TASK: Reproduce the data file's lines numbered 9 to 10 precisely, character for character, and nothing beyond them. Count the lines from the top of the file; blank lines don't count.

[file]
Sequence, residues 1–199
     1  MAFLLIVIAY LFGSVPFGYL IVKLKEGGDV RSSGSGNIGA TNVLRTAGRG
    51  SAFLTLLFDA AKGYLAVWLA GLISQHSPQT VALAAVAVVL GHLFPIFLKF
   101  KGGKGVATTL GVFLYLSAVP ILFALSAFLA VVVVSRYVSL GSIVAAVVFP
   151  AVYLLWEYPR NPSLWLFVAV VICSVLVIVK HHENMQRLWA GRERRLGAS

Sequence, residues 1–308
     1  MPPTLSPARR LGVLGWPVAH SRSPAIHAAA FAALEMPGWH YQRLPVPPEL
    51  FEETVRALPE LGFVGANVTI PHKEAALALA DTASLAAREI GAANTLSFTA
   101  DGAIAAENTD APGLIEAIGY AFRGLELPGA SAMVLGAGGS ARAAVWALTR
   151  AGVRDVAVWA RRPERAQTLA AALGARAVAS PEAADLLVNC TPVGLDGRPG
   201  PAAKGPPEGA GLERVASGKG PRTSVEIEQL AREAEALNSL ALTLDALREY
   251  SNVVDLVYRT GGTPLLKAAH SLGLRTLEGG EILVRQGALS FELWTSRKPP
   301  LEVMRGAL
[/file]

   101  DGAIAAENTD APGLIEAIGY AFRGLELPGA SAMVLGAGGS ARAAVWALTR
   151  AGVRDVAVWA RRPERAQTLA AALGARAVAS PEAADLLVNC TPVGLDGRPG